“Justification through faith” is a phrase that is thrown around quite a bit. Many argue that justification by faith (rather than works) leads many to a life of looseness, laziness, and allows Christians to justify their decision to continue living in sin. While I am sure there are plenty of Christians who fit the above description, this should by no means tarnish the absolutely beautiful construction of justification in The Bible.
In Redemption Accomplished and Applied, John Murray puts forth a compelling and powerful argument:
“It is an old and time-worn objection that this doctrine ministers to license and looseness (he is speaking of the doctrine of justification by faith in Christ alone). Only those who know not the power of the gospel will plead such misconception. Justification is by faith alone, but not by a faith that is alone.”
Read it again: Justification is by faith alone, but not by a faith that is alone.
Our faith cannot be alone because the very essence of the faith we receive compels us to respond in holiness and works of faith. This is not to say that we are saved by works, but rather that we are justified by a faith that obliges us to work.
“Justification is not all that is embraced in the gospel of redeeming grace. Christ is a complete Savior and it is not justification alone that the believing sinner possesses in him. And faith is not the only response in the heart of him who has entrusted himself to Christ for salvation. Faith alone justifies but a justified person with faith alone would be a monstrosity which never exists in the kingdom of grace. Faith works itself out through love (Gal. 5:6). And Faith without works is dead (James 2:17-20).”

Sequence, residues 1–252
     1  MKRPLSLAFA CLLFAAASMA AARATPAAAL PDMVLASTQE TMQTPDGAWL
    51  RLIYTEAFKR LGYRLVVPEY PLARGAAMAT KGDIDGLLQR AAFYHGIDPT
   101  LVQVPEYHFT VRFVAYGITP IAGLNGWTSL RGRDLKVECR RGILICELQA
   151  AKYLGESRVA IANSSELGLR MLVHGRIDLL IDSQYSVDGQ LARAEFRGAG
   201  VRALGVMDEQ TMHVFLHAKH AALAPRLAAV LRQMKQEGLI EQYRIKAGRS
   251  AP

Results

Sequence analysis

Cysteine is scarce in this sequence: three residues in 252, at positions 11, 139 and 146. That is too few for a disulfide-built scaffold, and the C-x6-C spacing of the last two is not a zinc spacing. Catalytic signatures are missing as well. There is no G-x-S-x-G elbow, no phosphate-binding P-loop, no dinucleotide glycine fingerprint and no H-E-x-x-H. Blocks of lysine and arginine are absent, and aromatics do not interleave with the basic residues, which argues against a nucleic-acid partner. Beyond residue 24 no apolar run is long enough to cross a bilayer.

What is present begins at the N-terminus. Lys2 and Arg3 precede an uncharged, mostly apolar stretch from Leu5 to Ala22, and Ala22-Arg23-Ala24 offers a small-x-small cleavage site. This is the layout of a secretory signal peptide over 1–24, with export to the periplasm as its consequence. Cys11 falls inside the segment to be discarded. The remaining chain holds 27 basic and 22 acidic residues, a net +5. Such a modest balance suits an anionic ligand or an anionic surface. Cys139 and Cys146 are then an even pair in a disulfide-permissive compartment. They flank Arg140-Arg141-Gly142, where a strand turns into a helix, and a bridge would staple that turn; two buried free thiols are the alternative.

I am quite humbled when I think about the character of my faith. It is not just simply believing; it is an agreement to be transformed by a grace that has been offered to the most undeserving. How quickly we choose to forget that faith implies a change- a call to die to our old self and a call to be transformed. What is the condition of your faith? We often say we need more faith. We don’t- we just need Biblical faith.
“It is living faith that justifies and living faith unites to Christ both in the virtue of his death and in the power of his resurrection. No one has entrusted himself to Christ for deliverance from the guilt of sin who has not also entrusted himself to him for deliverance from the power of sin. What shall we say then? Shall we continue in sin, that grace may abound? God forbid. How shall we, that are dead to sin, live any longer therein?”
This is so powerful that I struggle to wrap my mind around it. We have been saved by the blood of Christ and because of this infinite expression of grace; we have been delivered from the guilt of sin. But there is more. We have also been delivered from the power of sin. Before we were saved, we were necessarily controlled, mastered, and enslaved by our sin. Not only did God save us through his sovereign grace to reconcile us with him, he also poured into us the Holy Spirit, so that we could overcome sin.
What does this mean? It means that the same power that saved you is now available for you to put sin to death- to destroy it. This is incredible.
“No one has entrusted himself to Christ for deliverance from the guilt of sin who has not also entrusted himself to him for deliverance from the power of sin.”